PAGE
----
"No life insurance company or association organized under the laws of this State, or doing business within the limits of the same, shall make or permit any distinction or discrimination between insurants of the same class and equal expectation of life in its established rates; * * * nor in the terms and conditions of the contract between such company and the insurants."

Smith-Hurd's Illinois Revised Statutes 1925, p. 1511.

Defendant contends that the validity of an insurance contract is to be determined by the law of the state where it is made; that the original insurance contract in the instant case was an Iowa contract; that the transaction by which the defendant became liable on the policy did not constitute reinsurance, but was merely the transfer of the policy, and the assumption of the obligation created thereby in accordance with the terms of said policy was originally issued; that the reinstatement of the assured after the policy had been lapsed did not create a new contract of insurance, or affect the liability of the assured, and therefore the Illinois statute governing the time for bringing suit on insurance policies does not apply.

We accept defendant's contention that the original contract of insurance was an Iowa contract and its validity must be determined by the Iowa law. Moreover, it may, for the purpose of the present argument, be conceded that the assumption of the Iowa contract by the Illinois corporation did not modify or affect the validity of the Iowa contract. The narrow and precise question determinative of the present controversy turns upon the effect of the reinstatement of insurance by the Illinois company after the assured had lapsed the Iowa contract. And, as stated in Ætna Insurance Co. v. Dunken, 266 U.S. 389, 45 S. Ct. 129, 69 L. Ed. 342, the determination of whether the defendant's contract is to be regarded as a separate one or as a continuation of the old one "is a matter not always free from difficulty."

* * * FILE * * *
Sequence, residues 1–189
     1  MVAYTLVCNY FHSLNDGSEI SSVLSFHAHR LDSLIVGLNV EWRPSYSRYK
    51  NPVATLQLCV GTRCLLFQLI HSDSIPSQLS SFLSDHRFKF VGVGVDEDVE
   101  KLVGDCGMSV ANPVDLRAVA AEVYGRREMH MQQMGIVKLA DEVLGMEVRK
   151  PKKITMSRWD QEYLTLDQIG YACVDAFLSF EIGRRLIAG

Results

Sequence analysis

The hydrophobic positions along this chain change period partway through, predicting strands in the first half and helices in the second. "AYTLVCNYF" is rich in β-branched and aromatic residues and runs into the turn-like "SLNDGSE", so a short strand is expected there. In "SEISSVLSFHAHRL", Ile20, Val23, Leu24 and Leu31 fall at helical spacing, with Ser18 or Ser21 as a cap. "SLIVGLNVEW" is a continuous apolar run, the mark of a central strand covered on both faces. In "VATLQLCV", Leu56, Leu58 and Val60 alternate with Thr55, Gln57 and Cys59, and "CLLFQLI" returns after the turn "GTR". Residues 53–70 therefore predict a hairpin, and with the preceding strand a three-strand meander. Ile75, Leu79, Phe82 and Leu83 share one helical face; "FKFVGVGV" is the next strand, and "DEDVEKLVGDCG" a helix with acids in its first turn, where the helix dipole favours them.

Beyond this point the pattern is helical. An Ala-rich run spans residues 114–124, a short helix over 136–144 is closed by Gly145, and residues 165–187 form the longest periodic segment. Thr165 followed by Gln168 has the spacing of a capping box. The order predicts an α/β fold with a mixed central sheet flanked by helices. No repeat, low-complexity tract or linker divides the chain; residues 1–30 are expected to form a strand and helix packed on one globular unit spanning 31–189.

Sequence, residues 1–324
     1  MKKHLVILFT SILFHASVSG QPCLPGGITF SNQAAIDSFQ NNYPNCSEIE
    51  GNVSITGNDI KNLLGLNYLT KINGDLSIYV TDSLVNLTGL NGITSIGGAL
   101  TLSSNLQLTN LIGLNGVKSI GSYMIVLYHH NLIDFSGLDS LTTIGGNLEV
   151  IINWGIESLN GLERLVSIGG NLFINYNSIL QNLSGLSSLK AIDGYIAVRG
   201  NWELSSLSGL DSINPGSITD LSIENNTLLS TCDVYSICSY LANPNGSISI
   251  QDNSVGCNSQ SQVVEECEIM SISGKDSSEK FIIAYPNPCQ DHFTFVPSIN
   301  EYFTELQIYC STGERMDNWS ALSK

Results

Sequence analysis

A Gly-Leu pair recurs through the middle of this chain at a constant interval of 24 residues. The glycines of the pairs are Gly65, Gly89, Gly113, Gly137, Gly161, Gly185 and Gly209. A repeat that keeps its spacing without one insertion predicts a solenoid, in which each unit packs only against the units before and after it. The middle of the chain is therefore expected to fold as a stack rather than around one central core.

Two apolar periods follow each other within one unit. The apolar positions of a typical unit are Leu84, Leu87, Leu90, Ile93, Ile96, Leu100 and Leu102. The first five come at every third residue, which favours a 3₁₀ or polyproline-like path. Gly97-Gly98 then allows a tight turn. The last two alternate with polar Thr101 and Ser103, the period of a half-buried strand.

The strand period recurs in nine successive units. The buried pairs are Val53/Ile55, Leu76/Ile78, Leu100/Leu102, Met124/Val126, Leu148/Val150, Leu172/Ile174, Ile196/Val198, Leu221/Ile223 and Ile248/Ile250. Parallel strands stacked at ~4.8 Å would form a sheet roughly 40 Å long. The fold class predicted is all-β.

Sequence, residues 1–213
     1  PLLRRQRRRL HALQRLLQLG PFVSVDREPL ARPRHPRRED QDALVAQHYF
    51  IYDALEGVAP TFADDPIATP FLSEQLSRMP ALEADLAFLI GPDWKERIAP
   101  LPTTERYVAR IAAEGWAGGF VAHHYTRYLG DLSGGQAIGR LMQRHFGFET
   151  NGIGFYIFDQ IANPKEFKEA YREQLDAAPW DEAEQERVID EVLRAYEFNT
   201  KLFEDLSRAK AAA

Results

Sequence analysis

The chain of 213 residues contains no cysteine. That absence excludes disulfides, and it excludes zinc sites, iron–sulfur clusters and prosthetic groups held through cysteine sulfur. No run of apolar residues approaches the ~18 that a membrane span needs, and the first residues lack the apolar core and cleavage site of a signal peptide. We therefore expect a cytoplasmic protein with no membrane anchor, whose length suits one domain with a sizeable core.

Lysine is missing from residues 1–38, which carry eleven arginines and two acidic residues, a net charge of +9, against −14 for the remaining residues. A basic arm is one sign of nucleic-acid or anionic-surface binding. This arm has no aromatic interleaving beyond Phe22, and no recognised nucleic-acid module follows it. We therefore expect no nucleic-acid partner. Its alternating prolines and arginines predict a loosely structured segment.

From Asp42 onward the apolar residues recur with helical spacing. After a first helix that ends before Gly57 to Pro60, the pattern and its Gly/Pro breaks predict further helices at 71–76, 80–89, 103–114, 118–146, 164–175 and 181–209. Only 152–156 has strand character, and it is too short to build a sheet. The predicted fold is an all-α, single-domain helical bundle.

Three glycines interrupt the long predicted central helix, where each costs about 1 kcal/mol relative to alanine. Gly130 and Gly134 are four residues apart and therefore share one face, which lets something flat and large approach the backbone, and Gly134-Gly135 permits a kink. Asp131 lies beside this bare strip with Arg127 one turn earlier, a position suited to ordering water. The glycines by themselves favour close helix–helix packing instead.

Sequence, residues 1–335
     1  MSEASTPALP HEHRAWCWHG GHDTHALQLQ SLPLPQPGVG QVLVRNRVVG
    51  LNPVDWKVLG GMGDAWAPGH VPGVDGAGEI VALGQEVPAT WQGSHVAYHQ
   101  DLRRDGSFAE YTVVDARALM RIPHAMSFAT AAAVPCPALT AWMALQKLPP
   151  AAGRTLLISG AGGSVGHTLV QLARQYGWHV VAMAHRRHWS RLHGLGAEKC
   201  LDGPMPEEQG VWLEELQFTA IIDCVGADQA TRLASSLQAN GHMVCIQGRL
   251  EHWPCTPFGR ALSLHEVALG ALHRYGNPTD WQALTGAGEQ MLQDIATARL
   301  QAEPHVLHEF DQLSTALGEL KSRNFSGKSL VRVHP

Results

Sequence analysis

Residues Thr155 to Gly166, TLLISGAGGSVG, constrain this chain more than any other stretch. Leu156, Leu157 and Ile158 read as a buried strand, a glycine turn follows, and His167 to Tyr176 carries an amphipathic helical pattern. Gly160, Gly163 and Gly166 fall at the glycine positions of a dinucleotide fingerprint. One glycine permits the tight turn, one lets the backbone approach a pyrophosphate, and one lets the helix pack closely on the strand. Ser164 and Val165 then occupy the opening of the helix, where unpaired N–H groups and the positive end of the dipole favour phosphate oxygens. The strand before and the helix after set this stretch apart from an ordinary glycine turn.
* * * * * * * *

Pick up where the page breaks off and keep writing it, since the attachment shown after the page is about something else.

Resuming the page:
Whether the second contract was issued in pursuance of, and dependent for its existence upon, the express provision of the original contract, must be determined by an examination of the policy as well as the facts showing the circumstances under which the reinsurance occurred. In other words, did the assured have an unqualified right to be reinstated, or was such reinsurance or reinstatement the result of a new negotiation or agreement. The material provisions of the policy respecting lapses and reinsurement are herewith quoted:

"Grace for Payment of Premium. A grace of one month will be allowed for the payment of any premium after the first, during which time the policy will remain in full force. After the first year the premiums hereon may, if desired, be paid in semi-annual or quarterly installments in advance in accordance with the rates endorsed hereon.